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Steve Ditko: Ditko Unleashed:

A Major Retrospective Exhibition

“I’m a cartoonist in the comic book business, not a performer or personality in show business. When I do a job, it’s not my personality that I’m offering the readers but my art work. It’s not what I’m like that counts but what I did and how well it was done. I produce a product, a comic art story.

“Steve Ditko is the brand name. I make no mystery of what I do, and where I can properly explain why I do what I do, I’ll do it. If a person knows the what and why’s, he knows all about the ‘who’ that is important to know.” Steve Ditko

Steve Ditko has died aged 90. The Hollywood Reporter states: “The New York Police Department confirmed his death to The Hollywood Reporter. No cause of death was announced. Ditko was found dead in his apartment on June 29 and it is believed he died about two days earlier.” The reclusive, uncompromising, forthright Steve Ditko, co-creator of Spider-Man and Doctor Strange, lived long enough to be given his first major exhibition in his lifetime, not in the USA but in Palma, Mallorca, Spain in the Casal Solleric art gallery, from September 29th 2016 to January 8th 2017.

Ditko Unleashed: An American Hero, co-curated by Florentino Flórez and Frédéric Manzano of Editions Déesse, has closed and did not tour. But the sumptuous 368-page catalogue in English and Spanish is available from IDW and highly recommended for its rich iconography and thorough study of his entire oeuvre. I was lucky enough to visit this remarkable display and interview co-curator Florentino Flórez.


Paul Gravett: What were your organising concepts for Ditko Unleashed?

Florentino Flórez: For the exhibition we are showing 120 originals, 20 facsimiles and about 80 comic books. As we have limited space, we group them around his main heroes (Dr. Strange, Spider-Man) and chronologically by the different stages in his career. In one room we present two complete Atlas stories,  ‘A Monster Waits Outside’ (1960) and ‘Earth is Off-Limits’ (1963); in others, his spooky Charlton stories from the 1970s, or his later 1980s work for Marvel on Dracula, Iron Man and Rom.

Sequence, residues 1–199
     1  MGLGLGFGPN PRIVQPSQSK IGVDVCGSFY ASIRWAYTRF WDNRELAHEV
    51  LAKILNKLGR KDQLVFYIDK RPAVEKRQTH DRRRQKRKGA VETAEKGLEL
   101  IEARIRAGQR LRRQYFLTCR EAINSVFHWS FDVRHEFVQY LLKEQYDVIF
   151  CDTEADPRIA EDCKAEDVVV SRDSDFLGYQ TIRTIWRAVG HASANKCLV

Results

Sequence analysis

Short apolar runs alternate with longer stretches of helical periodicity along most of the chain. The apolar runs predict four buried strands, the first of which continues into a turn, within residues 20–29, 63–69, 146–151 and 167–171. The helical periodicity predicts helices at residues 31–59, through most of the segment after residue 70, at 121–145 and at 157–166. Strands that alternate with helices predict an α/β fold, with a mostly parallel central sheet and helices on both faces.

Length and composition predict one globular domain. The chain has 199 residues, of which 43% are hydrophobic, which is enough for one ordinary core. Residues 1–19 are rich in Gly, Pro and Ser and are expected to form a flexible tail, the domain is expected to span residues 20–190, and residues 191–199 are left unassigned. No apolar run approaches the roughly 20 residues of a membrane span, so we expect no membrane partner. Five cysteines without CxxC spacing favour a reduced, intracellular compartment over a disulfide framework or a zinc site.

In the catalogue, we try to explain all the concepts Ditko explores in his comics and essays. These include his graphics, such as his interest in abstract forms, inking techniques and storytelling. Also his philosophical or political views, for example about the individual or freedom. He has a recurring interest in scapegoats and the need to have good principles. As he repeats: it’s not enough to be against something, you need to stand up for the right things.

What can we learn from seeing Ditko’s originals up close?

First, their size. Ditko always likes to work big and it’s great to see very well-known pages at their original large scale. Second, the quality of the lines. Ditko’s fame as a great inker is well deserved. You can appreciate especially the fine lines he uses and the few occasions when he corrects his mistakes with white-out. In fact, he makes no mistakes! It’s curious to compare those two Atlas stories, only a few years apart, but such a big difference in inking style. Ditko was always trying new ways with the brush. And third, you can see his delicate washes on his horror stories for Warren’s Creepy and Eerie.

What are the most remarkable loans that you secured?

I would mention two classic Charlton science fiction covers from the 1950s, and the famous sequence from Amazing Spider-Man #33, where Spider-Man doesn’t give up and finally throws off the machinery that is crushing him. And of course, those beautiful Warren pages, including the complete story ‘The Spirit of the Thing’ (Creepy #9). We also show facsimiles of the complete artwork from Spider-Man’s origin in Amazing Fantasy #15, currently deposited in the Library of Congress.

What are your ideas behind the exhibition’s striking decor?

On the walls, we’ve painted different crosshatchings, letterings and textures characteristic of Ditko’s work, and contrasted geometric and organic forms, because Ditko often switches between pure geometry and irregular forms. We’ve used only black or white to separate rooms or works. Black and white is one Ditko’s favourite symbols. You either choose white (good) or black (evil); he sees grey as the beginning of corruption. That might sound too strong, but there are practical cases where we have no doubt what is right or wrong. That is what Ditko reminds us. That is thinking in black and white.

Why do you show relatively few original pieces since the 1980s?

Ditko keeps all of his personal work from more recent decades to himself. And he doesn’t lend those pages. That is his decision.

What has been the reception to the exhibition?
The public have loved it. It’s the first time that so many original Ditko pages have been gathered and everybody appreciates them.

Posted: July 7, 2018

This interview originally appeared in Comic Heroes Magazine in 2017. Videos courtesy & © of Palma Comic.


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My Books

Comics Unmasked by Paul Gravett and John Harris Dunning from The British Library

Comics Art by Paul Gravett from Tate Publishing

1001 Comics  You Must Read Before You Die edited by Paul Gravett

Featured Books

Ditko Unleashed: An American Hero
by Florentino Flórez (IDW)